December 19, 2018
HUMANS 2.0 Mars Colonists ‘Will Become Super-Mutants with Cancer-Immune Skin’ – but Could DIE ‘If They Mate with Earthlings’, Scientist Warns.
Nasa hopes to land humans on Mars in the 2030s
BY HARRY PETTIT, SENIOR DIGITAL TECHNOLOGY AND SCIENCE REPORTER
21st May 2019, 11:39 am
THE FIRST humans on Mars will quickly become too fragile to have sex with. That's according to one scientist, who reckons colonists will warp into super-mutants who'll keel over the moment they bonk an Earthling.
Nasa wants to land humans on Mars by 2033
China's C-Space Mars Project welcomes its first visitors and the base looks like Star Wars planet Tatooine. Nasa is keen to land humans on Mars in the 2030s with an eye on setting up a permanent Martian colony.
Settlers will have to survive suffocating temperatures and deadly radiation – an experience that may strip them of their humanity altogether, says Rice University professor Scott Solomon. He told Inverse that colonists' DNA will rapidly mutate to help them ride out Mars's brutal conditions.
Over time, they'll develop cancer-proof skin to survive the extra solar radiation, and denser bones to cope with Mars's low-gravity conditions. Colonists will be hit by deadly solar radiation
On top of this, inhabitants will be exposed to almost none of the bacteria and viruses found on Earth, effectively nullifying their immune systems.
According to Professor Solomon, who is an evolutionary biologist at Rice, it will only take Mars colonists two generations to become super-mutants. "Evolution is faster or slower depending on how much of an advantage there is to have a certain mutation," Professor Solomon says. "If a mutation pops up for people living on Mars, and it gives them a 50-percent survival advantage, that’s a huge advantage, right? And that means that those individuals are going to be passing those genes on at a much higher rate than they otherwise would have."
He added that contact with humans may become deadly for Martians. With no immune system, they'll quickly succumb to any illnesses or diseases carried by their human lovers.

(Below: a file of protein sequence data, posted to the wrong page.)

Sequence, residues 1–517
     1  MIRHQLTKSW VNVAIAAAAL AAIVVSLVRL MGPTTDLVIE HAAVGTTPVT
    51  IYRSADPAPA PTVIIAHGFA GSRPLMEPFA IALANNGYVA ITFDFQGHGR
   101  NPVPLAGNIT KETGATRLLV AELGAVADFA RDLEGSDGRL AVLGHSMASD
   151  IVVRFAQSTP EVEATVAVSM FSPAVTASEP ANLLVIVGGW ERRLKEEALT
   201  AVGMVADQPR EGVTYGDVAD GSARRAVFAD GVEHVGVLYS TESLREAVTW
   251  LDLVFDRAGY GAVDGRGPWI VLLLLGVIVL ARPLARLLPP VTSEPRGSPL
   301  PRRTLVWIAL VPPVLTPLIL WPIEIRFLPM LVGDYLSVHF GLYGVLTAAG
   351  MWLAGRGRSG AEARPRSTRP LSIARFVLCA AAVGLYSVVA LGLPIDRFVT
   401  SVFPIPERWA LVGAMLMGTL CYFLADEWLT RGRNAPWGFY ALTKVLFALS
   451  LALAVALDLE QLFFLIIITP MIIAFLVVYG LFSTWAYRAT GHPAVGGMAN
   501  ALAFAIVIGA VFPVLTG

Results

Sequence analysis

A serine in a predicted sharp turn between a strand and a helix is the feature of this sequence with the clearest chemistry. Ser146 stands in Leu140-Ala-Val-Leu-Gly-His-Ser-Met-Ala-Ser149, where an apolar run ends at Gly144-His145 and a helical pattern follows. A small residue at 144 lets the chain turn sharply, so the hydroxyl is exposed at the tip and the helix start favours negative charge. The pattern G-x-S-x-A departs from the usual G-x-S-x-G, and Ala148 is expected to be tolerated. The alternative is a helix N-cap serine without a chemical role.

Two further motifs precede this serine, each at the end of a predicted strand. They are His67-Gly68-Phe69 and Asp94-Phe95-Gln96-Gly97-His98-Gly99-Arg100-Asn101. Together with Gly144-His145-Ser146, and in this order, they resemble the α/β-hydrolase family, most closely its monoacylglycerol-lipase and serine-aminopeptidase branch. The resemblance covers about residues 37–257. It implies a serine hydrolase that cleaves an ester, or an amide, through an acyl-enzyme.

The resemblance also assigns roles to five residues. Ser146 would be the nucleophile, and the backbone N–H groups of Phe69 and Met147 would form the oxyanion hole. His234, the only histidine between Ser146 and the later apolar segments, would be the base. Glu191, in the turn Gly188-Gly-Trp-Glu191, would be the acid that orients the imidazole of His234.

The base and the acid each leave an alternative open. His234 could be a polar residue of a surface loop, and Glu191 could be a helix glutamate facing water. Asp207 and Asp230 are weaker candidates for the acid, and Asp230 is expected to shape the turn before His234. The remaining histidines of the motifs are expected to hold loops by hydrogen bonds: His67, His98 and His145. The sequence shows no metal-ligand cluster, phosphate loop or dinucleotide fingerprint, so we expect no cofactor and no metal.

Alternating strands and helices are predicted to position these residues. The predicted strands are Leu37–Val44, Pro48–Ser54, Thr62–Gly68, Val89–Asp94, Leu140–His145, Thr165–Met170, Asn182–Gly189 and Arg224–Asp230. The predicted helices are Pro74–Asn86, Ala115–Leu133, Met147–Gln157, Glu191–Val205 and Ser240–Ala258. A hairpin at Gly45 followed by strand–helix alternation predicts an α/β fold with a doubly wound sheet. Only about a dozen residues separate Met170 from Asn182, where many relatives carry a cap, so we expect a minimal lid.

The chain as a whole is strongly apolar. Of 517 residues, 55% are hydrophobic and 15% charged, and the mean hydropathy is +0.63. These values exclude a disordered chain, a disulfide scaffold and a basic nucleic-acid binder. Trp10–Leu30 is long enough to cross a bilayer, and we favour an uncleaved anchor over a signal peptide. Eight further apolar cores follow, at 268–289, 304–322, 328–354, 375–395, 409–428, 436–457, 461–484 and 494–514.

Mars colonists could become very different to their Earthling ancestors
EFFECTS OF LONG-TERM SPACE TRAVEL:
Here are some of the health impacts...Muscle wasting: Spending long periods of time without using your muscles causes your body to begin breaking them down Loss of bone density: Ditto for your bones, which become more brittle during long periods in space Radiation poisoning: You're exposed to much more cosmic radiation without the protection of Earth's ozone layer Loneliness: Spending long periods away from friends and family can make astronauts feel isolated and lonely
These are all issues that Nasa will have to consider as it prepares to land man on the Moon by 2024, before heading to Mars in 2033. The space agency is already pumping cash into research on the long-term effects of space travel.
One study in Germany has seen participants handed £14,000 to sit in bed and watch telly for two months. Scientists are testing how prolonged periods of low gravity during long-distance spaceflight affects the human body. The surface of Mars is a hostile place.
In other space news, Nasa's manned mission to Mars could be delayed by 25 years as experts warn of radiation, health scares and food shortages.
W. O. Belfield, Jr.